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Best Way to Store Loose Pigment Eye Shadows

Updated on October 28, 2011

Pigment Palette

Storing your pigments in this way can display exactly what colour of pigments you have.  I call this one my Rainbow Pigment Palette.
Storing your pigments in this way can display exactly what colour of pigments you have. I call this one my Rainbow Pigment Palette.

Full-size vs. Sample Size

Before I made these pigment palettes, I started purchasing pigments online. Pigments can be found at the websites listed below, and they sell pigments in full-size and sample size. Buying pigments in samples can save you money and allow you to try many colours. Full size pigments can cost anywhere from $5-20 whereas sample sizes range from $1-3 each. Sample size pigments come with just enough to fill each one of the little jars that make up the palette (shown on the right).

Choosing a Palette

I like using containers that are used for storing beads. These can be found at Michaels Arts and Crafts stores, and I have a provided a link to their website on the right-hand side. They have many different types, but typically they come with a large rectangular box and lid and inside are small jars. I like putting my pigments into each one of the smaller jars.

Your Work Area

Find a large desk that is clear of all items. Set down some paper towels and lay out your palette, jars and pigments. Make sure that you are in a well-ventilated room.

Small jar with the lid taken off.
Small jar with the lid taken off.
The label from the pigment sample has been peeled off and trimmed to fit the side of the jar. This helps you remember what colour/type of pigment is in each jar.
The label from the pigment sample has been peeled off and trimmed to fit the side of the jar. This helps you remember what colour/type of pigment is in each jar.
Label has been placed on the jar.
Label has been placed on the jar.
Pigment has settled and the corner of the bag is cut off.
Pigment has settled and the corner of the bag is cut off.

Get your Jar Ready

Take out one of the jars and unscrew the top. You can take the label from the pigment bag (if there is one) and trim it so that it will fit on the side of your jar.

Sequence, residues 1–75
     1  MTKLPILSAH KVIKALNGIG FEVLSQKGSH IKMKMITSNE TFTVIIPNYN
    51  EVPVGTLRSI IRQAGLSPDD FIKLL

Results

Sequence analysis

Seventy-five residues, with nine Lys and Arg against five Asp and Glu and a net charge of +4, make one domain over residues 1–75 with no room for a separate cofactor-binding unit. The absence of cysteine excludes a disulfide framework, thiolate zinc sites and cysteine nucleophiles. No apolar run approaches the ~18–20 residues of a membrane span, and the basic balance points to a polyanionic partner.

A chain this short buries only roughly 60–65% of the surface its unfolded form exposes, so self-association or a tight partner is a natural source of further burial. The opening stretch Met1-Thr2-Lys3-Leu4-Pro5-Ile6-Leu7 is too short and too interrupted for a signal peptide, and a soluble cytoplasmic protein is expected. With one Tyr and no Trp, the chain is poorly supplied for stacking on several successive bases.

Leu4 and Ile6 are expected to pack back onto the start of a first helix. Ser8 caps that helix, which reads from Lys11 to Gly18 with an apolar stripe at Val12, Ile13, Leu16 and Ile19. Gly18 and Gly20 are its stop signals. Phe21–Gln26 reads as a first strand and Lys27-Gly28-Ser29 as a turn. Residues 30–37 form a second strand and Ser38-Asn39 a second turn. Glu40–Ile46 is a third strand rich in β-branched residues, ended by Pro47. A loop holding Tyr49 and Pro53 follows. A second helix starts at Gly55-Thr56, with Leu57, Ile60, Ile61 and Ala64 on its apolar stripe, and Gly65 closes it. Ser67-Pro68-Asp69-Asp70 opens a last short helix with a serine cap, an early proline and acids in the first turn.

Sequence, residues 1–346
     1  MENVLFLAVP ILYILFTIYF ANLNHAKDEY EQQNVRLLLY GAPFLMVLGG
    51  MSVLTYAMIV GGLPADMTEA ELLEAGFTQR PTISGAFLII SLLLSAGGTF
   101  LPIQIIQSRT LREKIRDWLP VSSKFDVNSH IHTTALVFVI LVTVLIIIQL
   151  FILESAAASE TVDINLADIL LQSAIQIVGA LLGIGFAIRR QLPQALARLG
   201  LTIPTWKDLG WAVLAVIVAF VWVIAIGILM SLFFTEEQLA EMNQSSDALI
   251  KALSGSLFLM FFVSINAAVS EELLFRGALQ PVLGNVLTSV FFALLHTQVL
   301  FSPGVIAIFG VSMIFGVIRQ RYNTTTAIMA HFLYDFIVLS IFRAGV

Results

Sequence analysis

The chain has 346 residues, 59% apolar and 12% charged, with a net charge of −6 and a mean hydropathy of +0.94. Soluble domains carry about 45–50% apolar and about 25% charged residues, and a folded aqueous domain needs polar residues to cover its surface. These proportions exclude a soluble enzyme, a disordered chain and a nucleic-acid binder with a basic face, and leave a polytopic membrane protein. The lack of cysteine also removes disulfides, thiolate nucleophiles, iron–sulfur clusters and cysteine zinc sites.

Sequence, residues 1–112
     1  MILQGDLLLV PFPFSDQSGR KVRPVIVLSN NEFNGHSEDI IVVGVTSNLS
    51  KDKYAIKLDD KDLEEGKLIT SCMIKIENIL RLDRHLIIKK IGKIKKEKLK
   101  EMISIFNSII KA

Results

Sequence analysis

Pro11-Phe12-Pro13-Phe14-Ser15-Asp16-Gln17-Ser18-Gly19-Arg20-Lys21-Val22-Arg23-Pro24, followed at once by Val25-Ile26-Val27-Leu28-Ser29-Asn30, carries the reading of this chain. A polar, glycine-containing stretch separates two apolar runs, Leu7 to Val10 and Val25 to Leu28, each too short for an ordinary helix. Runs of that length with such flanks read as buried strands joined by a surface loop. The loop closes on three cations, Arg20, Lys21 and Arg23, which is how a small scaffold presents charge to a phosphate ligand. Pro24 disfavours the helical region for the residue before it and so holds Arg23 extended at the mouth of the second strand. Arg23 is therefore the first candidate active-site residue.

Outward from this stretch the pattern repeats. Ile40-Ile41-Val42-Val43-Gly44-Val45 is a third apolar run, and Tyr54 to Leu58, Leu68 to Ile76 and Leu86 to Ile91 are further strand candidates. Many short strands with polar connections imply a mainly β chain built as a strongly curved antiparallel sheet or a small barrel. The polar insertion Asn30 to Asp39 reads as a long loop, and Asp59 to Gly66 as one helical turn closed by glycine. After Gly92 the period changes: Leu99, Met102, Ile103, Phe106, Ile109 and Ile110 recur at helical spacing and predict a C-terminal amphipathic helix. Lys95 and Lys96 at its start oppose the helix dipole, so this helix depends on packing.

You can clean out the jar if you prefer, using a Q-Tip dipped in rubbing alcohol and swirling it around inside the jar and the lid. Make sure the alcohol has dried completely before putting any pigment inside.

At this point, it is extremely important that you work in a well-ventilated room (or outside, weather permitting). The fumes from the alcohol and the air-borne pigment particles aren't good to be breathing in, so make sure you have some windows and doors open. Also, cover your mouth and nose with the collar of your shirt when working with the pigments as an extra precaution.

Transferring Pigments to Jars

Before transferring the pigments into the smaller jars, you will need:

-Your pigments and storage container of choice
-Scissors
-Paper towels
-A well-ventilated room
-Rubbing alcohol and Q-Tips

First, turn over the pigment bag so that the seal of the bag is pointing downwards. Shake the bag so the pigment settles down. Cut off one of the corners of the bag.

Working over paper towels, cover your mouth and nose with the collar of your shirt and begin to slowly pour the pigment into the jars. This can be messy, and you will likely get some pigment onto the paper towels. With most samples, you will have a bit left over anyways.

Carefully pour the pigment into the jar.
Carefully pour the pigment into the jar.
Lid has been securely screwed onto the jar.
Lid has been securely screwed onto the jar.

Finishing Touches

Once you have filled your jar, place the lid on top and set it aside. Fill other jars with other colours. If you have some pigment left over, experiment with mixing different colours together! Then place all your jars back into the palette container in any order you choose. I like arranging them by colour, but you can also arrange by type, brand or finish!

Not Just Pigments

You can also use this idea for storing other types of mineral makeup, such as mineral foundation, setting powders, or any left over makeup products!

If you have any pressed eye shadows that are almost gone, you can scrape out what you have left and mix it with other eye shadows to create new colours.

Other Palettes I've Made

Neutral colours, interfines and glitter.
Neutral colours, interfines and glitter.
My second Rainbow Pigment Palette
My second Rainbow Pigment Palette

Comments

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    • profile image

      Savannah 

      6 years ago

      Thank you! I am about to go on a bit of a spending spree and really need some way to store all my goodies!

    working

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